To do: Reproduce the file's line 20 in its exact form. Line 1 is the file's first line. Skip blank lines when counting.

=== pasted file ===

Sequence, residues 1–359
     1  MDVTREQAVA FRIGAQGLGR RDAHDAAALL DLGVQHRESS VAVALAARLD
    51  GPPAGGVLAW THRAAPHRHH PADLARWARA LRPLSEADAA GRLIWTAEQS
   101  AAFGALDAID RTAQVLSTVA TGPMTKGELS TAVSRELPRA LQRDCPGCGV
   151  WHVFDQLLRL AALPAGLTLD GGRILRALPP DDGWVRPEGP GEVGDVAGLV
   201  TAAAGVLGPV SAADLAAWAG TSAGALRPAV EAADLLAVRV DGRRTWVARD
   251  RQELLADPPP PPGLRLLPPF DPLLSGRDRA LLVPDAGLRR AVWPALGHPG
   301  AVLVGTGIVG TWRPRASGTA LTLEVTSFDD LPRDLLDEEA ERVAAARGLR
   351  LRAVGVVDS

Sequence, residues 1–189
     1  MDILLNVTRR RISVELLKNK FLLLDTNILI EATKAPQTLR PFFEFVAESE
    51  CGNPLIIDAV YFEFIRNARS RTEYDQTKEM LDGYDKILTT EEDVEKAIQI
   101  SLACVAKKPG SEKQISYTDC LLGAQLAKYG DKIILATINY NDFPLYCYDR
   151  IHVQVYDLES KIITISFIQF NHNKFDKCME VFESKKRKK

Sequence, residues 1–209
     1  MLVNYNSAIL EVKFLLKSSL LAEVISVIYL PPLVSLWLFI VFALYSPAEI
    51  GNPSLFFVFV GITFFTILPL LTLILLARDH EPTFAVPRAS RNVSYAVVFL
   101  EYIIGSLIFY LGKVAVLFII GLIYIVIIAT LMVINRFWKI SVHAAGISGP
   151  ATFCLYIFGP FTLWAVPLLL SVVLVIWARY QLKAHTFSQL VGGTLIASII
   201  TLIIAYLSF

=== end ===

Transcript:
   201  TLIIAYLSF